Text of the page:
Reflections on Dr. Lee's Turning Participation Into Power

Date01 August 2022
AuthorLaTricea Adams
by LaTricea Adams
LaTricea Adams is Co-Founder and CEO of Black Millennials 4 Flint.
Turning Participation Into Power: A Water Justice Case
Study1 presents a rich, conceptual framework with
the Constituent Empowerment Model (CE Model)
that mirrors the foundational work of Dr. Robert Bullard ’s
Environmenta l Justice Framework2 in its very community-
centered perspective. e article also integrates the Jemez
Principles³ as a practical approach to community oversight
and accountability. Using Baltimore as a case study added
much value to the topic, as the state of Maryland is k nown
for more progressive legislation regarding environment;
however, Prof. Jaime Lee spares no criticism of the need for
more constituent-centered and commu nity-led acc ount-
ability and oversight of the implementation and ongoing
life cycle of policy in practice.
Professor Lee calls out the recurrence of “performative
inclusion” where decisionmakers attempt to appease the
community by creating an invisible table or in the words
of Dr. Lee, “cosmetic processes” where community voice is
heard only for the purposes of show and not for substan-
tive contributions to problem solving. Dr. Lee successfu lly
dismant les the unspoken m antra “process over pe ople” and
ips it on its head where the people, the community, iden-
1. Jaime Alison Lee, Turning Participation Into Power: A Water Justice Case
Study, 28 G. M L. R. 1003 (2022).
2. Robert D. Bullard, (2008) Environmental Justice in the 21st Century,
49 P 151 (2001),
3. S.W. Network for Envt. and Econ. Just., Jemez Principles for Democratic
Organizing (1996) Jemez, New Mexico,
tify the problem, create the process, and utili ze their demo-
cratic power to inform the actions of government agencies
and policymakers a like. e CE Model also demonstrates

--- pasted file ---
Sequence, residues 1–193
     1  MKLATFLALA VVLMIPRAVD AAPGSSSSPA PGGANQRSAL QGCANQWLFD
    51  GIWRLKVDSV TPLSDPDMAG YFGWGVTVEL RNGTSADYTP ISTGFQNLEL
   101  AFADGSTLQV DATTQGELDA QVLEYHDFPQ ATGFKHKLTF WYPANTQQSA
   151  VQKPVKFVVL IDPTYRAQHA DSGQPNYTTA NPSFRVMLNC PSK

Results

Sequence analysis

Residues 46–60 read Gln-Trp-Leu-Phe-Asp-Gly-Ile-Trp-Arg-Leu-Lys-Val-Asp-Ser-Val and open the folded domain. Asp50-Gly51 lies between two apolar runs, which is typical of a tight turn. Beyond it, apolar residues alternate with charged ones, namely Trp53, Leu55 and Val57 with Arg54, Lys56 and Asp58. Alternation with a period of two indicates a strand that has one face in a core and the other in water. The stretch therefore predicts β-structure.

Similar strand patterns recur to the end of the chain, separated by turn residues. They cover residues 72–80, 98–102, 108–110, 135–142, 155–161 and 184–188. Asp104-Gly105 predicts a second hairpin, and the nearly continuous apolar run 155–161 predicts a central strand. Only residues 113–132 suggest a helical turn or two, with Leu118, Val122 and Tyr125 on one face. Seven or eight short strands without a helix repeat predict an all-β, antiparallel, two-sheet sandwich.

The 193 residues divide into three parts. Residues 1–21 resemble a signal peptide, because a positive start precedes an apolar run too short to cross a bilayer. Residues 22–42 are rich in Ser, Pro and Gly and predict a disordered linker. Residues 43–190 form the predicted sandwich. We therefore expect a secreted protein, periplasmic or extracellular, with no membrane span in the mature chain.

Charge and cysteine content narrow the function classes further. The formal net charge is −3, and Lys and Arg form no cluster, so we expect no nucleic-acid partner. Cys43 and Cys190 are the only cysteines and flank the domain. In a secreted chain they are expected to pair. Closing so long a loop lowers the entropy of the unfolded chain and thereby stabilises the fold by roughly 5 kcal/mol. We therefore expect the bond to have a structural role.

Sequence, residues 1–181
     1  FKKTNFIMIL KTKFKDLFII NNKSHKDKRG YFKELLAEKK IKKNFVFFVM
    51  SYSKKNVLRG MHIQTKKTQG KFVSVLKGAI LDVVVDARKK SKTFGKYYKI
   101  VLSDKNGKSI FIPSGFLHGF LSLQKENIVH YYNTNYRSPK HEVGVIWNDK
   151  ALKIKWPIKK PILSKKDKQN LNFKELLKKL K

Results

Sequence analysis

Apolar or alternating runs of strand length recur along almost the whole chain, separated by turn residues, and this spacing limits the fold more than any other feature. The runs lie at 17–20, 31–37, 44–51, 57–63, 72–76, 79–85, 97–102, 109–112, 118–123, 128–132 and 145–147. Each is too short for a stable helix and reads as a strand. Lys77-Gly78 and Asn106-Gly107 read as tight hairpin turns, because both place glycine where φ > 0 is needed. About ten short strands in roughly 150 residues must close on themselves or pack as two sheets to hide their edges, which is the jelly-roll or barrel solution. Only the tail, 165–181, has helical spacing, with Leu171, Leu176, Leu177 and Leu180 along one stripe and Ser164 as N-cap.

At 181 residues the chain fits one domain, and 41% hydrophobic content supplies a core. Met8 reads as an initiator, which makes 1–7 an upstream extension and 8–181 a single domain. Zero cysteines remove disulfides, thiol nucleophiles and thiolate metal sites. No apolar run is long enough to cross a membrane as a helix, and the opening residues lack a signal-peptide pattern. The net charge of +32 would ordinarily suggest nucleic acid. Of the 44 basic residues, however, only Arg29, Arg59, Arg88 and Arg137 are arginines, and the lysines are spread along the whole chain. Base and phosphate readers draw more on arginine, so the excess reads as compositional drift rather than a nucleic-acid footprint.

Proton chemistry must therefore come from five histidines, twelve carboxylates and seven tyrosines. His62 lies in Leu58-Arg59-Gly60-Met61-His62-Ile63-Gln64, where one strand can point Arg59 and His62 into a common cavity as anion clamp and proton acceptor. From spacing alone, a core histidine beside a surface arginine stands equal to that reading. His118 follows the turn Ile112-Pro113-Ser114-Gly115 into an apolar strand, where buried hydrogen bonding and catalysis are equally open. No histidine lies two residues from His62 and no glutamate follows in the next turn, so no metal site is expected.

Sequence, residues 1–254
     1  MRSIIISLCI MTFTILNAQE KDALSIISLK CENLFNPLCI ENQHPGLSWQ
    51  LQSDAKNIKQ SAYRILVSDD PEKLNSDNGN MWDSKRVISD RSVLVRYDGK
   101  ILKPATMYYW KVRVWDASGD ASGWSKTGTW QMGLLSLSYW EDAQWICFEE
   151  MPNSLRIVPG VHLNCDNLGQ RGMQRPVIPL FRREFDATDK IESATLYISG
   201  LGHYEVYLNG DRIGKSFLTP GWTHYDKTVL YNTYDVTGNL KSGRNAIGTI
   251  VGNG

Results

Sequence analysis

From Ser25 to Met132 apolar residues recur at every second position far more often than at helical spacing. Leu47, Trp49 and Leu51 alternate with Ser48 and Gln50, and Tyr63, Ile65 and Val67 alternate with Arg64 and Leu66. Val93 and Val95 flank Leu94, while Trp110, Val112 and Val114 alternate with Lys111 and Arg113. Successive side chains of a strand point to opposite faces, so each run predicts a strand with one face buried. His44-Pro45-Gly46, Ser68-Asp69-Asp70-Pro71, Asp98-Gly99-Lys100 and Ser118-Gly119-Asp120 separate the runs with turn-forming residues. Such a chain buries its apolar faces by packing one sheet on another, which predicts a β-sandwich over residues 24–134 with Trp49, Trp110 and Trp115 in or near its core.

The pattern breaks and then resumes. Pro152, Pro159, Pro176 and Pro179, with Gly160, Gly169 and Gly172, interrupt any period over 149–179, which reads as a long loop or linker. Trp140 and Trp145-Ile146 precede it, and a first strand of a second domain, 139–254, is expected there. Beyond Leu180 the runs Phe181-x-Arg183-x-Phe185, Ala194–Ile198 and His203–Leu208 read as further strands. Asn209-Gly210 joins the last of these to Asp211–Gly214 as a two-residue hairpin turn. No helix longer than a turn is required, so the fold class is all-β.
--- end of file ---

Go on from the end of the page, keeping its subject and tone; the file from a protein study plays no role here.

the power of intersectional environmentalism, as it ampli-
es the need for equity in accessing power by addressing
upfront the challenges often faced by communities expe-
riencing economic distress and communities of color that
are often met with racial bias a nd discrimination. Essen-
tially, the CE Model completely refutes any and all forms
of classism and racial bigotr y as a prerequisite to engaging
in the community-led process. e individuals who are
most disproportionately impacted are respected as the tr ue
experts as they a lways should be.
Turning Participation Into Power: A Water Justice Case
Study should be deemed as a civic engagement tool that is
versatile beyond an environmental context, as its success
can be replicated to best serve other topics of public policy
at the local, state, and even federal levels. As the current
federal administration is laser-focused on environmental
justice, including the Justice40 initiative for example, this
article is very timely.
4. L T, T I E: H  D-
 S  O  P P + P (2022).
5. U.S. White House. (2021) e Path to Achieving Justice40, https://www.ng-room/2021/07/20/the-path-to-achieving-
Copyright © 2022 Environmental Law Institute®, Washington, DC. Reprinted with permission from ELR®,, 1-800-433-5120.

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